A History Of Freemasonry
The precise history of Freemasonry is uncertain, but it is widely accepted that it originates from the stonemasons’ guilds of the Middle Ages. This, at least, is where much of the imagery, symbolism, and rituals are taken from. As such, the Regius Poem, published in 1390 and a reworking of a previous publication, is believed to be one of the earliest documented works that make reference to masons.
In 1717, four London based Lodges formed the first Grand Lodge, and minutes were taken and maintained from this point, making it much easier to accurately track and trace the history of the society. By this point, the guilds had started to accept speculative masons into their ranks, meaning that members were not necessarily skilled or practicing masons, and this is widely considered to be the beginning of the modern era of Freemasonry.
Masons donate £30m a year to charitable funds. The United Grand Lodge of England alone has over 250,000 members with a further 150,000 members belonging to the Grand Lodges of Scotland and Ireland. Estimates place current membership levels at around 6 million people, with a third of this number located in the United States. King Edward VIII, Winston Churchill, and Sir Arthur Conan Doyle are among some of the fraternity’s notable former members.
Many professionals and craftspeople were members of guilds during medieval times. These guilds not only sought to improve the skills of its members, but shared secrets that were meant only for members. These members decreed to live by certain standards, and to uphold a level of professionalism in their work, and the masonic guild was no different.
The Regius Poem, which was published in 1390, claimed that the craft began with Euclid in Ancient Egypt and progressed from there.
However, it was during the 17th Century that the Guilds began to try and swell their numbers by accepting non-operative members, referred to as speculative members. It is believed that this was done to try and compensate for the fact that modern building materials like brick and wood were being used in place of stone, therefore reducing available work, and subsequently reducing the number of professional masons that existed.
One of the most commonly held theories regarding the growth of speculative masonic Lodges is that travel was dangerous during the Middle ages. However, members of the lodge would be given papers that meant that they were to be provided with rest and sustenance at hostels along the road, and speculative members joined so that they could enjoy access to a bed and food while travelling potentially treacherous roads.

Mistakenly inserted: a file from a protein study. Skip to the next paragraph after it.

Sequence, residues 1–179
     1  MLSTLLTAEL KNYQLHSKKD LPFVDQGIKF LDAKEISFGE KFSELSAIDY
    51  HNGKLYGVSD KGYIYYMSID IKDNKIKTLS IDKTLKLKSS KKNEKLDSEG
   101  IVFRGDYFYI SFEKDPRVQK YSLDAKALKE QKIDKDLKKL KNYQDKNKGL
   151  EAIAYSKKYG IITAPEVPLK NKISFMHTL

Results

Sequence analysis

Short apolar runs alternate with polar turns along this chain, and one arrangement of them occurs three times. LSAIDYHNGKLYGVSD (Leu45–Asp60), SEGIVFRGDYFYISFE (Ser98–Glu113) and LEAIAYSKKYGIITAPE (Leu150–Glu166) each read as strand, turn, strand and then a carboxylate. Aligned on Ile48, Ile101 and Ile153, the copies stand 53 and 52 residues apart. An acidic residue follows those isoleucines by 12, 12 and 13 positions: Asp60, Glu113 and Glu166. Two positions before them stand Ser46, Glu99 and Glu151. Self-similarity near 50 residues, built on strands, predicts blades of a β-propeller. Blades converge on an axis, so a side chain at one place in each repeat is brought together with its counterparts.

First Grand Lodge
In 1717, four London based Guilds met at a public house called the Goose and Gridiron and merged in order to create the first Grand Lodge, which had jurisdiction over all Lodges in London and Westminster. However, discord followed and the Grand Lodge of Antients was formed in 1752; a group that had become disheartened by the rituals and ceremonies that were being used. They believed that “the Moderns” had become apathetic, and so broke away.
In 1813, the Grand Lodge of Antients and the Grand Lodge of England resolved their differences and formed what became the United Grand Lodge of England (UGLE). UGLE still claims jurisdiction over all lodges in England today.
The end of the First World War saw a considerable increase in the number of Grand Lodges that existed, but Hitler viewed the existence of societies like the Freemasons as being counter to his plans for world domination, and an estimated 200,000 masons were killed, forcing many remaining members to go underground and become more secretive.
While some secrecy remained following the end of the war, this has been replaced by openness and acceptance to a large degree.
And the story continues …
What to do now?
At King Edward The 7th Lodge, we see ourselves as being a progressive and friendly body of men who enjoy talking to people about Freemasonry and explaining why we enjoy it so much.
There is a common misconception that you have to be invited to join Freemasonry by another Freemason, but this is just not the case. We welcome enquires and membership requests from men who have previously had no direct contact with Freemasonry and have a general interest in the work that we do along with wanting to be a part of a wonderful and global society.
If you have an interest in Freemasonry in Manchester and would like to speak to one of our members we would be more that happy to make arrangements and accommodate you. The first thing to do is send us a confidential email with your contact details and a short message so that we can organise a meeting and talk things through with you. All of us at King Edward The 7th Lodge found that talking through Freemasonry with a member was a great help in making the decision to join. There is no pressure to join us and we would hope that you took the time to meet other members of the Lodge, join us at a dinner and see for yourself what Freemasonry is all about.
Getting in contact with us could not be simpler, send us a confidential email by clicking here and we will do our best to get back to you within one working day.